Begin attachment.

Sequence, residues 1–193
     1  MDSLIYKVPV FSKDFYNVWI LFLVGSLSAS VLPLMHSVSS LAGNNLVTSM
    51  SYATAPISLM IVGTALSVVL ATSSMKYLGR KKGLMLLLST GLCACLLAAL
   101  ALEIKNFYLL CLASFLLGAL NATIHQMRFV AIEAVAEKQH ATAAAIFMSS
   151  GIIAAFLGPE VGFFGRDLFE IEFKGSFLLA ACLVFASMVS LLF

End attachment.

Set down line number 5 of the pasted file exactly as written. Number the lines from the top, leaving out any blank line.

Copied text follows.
   151  GIIAAFLGPE VGFFGRDLFE IEFKGSFLLA ACLVFASMVS LLF